For background, the vellum has been carbon-dated to the early 1400s, and illustrations potentially place its author in Northern Italy. Okay, so what was happening in Northern Italy at that time? The Italian Renaissance was flourishing despite the long shadow of the Holy Roman Empire and the established patriarchy. While it’s true that belief in witches during this time period was present, primarily among peasants and commoners, keep in mind the hysteria not peak until much later following the publication of the international best-seller Malleus Maleficarum in 1486.

Why write an untranslatable book about women’s health during the Italian Renaissance? One that has no overtly Christian or Catholic-specific symbols in it, either? On the one hand, you have an age of discovery and a period of enlightenment. On the other, you have the establishment of the Church and its political might. In between, however, you also have the birth of an Italian feminist movement that began in the late 14th century. Several Italian women of privilege were not only literate, they also taught at university, published books, and participated in the Italian Renaissance as thinkers of their age. Dorotea Bucca was a professor of health and medicine in Bologna, for example, for forty years from 1390-1430. As another example, Christine di Pizan challenged the idea that women were inferior to men by publishing the City of Ladies in 1404.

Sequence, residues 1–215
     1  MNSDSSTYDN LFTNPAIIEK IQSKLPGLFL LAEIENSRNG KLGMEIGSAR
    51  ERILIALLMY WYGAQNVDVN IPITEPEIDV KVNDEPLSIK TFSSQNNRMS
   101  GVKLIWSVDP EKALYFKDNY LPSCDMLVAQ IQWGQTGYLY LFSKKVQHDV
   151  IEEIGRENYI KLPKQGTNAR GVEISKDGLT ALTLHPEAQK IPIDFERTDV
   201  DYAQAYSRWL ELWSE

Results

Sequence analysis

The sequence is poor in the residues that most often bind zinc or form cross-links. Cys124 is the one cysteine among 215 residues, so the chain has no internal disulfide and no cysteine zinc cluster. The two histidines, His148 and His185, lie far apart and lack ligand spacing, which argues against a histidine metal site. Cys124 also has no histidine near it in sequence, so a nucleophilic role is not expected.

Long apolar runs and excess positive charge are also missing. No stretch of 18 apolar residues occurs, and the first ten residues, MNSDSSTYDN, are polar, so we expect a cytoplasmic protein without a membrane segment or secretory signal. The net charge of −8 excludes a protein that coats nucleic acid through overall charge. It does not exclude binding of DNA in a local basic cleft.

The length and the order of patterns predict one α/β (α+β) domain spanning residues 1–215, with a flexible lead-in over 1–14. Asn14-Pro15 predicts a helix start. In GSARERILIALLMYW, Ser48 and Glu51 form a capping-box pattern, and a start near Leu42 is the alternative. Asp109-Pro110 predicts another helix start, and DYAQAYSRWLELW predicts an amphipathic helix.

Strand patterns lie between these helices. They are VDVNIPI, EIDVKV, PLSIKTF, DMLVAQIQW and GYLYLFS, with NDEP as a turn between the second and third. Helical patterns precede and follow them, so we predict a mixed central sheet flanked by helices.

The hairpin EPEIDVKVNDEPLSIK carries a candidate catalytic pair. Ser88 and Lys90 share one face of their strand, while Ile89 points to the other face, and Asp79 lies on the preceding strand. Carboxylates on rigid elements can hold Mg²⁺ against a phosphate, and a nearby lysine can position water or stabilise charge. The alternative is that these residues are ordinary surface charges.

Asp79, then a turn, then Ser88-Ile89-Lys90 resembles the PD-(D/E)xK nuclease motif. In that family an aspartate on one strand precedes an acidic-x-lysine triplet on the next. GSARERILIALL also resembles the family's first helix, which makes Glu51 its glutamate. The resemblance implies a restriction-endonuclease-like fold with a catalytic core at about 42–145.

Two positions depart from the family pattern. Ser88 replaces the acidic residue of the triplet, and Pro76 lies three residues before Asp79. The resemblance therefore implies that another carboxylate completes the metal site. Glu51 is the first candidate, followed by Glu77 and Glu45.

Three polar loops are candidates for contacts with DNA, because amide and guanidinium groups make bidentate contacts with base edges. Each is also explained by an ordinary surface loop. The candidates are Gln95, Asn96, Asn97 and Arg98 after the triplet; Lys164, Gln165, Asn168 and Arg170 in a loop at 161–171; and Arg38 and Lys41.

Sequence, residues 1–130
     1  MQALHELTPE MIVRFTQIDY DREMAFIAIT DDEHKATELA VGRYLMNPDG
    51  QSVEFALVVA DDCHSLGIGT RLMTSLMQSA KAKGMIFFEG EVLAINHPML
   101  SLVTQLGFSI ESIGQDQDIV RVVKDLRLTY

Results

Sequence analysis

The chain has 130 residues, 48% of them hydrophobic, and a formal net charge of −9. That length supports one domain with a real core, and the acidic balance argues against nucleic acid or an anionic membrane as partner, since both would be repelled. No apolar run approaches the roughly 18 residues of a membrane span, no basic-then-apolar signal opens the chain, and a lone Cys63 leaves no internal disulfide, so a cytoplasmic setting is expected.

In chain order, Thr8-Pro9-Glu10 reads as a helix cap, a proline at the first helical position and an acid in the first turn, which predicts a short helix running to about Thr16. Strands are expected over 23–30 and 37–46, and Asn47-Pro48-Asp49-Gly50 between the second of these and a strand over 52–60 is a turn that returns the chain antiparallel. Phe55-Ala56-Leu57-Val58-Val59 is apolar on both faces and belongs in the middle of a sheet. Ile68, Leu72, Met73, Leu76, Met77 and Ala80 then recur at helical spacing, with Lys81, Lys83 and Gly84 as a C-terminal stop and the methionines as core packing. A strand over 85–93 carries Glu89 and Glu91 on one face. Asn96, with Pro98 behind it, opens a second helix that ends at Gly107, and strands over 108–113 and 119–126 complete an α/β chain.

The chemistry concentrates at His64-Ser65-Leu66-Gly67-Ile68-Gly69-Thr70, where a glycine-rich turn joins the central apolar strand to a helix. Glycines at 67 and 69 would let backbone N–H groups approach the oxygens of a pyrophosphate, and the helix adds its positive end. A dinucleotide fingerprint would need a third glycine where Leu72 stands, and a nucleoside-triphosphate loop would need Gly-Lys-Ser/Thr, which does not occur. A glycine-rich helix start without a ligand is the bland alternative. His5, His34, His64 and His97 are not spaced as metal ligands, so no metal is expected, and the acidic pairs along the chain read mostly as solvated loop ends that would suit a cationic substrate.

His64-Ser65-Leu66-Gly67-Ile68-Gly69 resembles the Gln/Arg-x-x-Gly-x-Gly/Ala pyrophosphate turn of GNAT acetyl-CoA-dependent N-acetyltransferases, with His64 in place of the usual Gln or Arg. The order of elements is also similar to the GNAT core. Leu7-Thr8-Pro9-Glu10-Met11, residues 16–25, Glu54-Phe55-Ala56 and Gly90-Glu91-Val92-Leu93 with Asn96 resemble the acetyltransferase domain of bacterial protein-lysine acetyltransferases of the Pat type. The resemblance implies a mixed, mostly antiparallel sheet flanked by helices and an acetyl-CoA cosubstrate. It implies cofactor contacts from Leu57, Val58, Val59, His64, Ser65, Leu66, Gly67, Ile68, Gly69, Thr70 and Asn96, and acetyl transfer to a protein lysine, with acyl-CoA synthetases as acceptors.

This, dear reader, points to my “who”. Who would be interested in writing a book that emphasized women’s health? One that stretched the boundaries of the knowledge they possessed at the time? Who’d have access to vellum and inks? Who’d have access to women to illustrate and study their naked bodies in a non-threatening, non-sexual way? Answer: an Italian woman of privilege. There is no reason to assume the Voynich Manuscript’s author was male, and I feel that gender absolutely plays a role in the discussion about its author given all that was going on in Italy at the time. If the folio was written by an educated woman, then she has more than one reason to ensure the text is not translatable–especially if she continued to work on the text as time progressed. And, since we know that literary among women was not as widespread, those who were educated would have stood out because their numbers were few. So, an Italian woman of means who wanted to explore the sciences would have just cause to write an untranslatable text that only she could decode.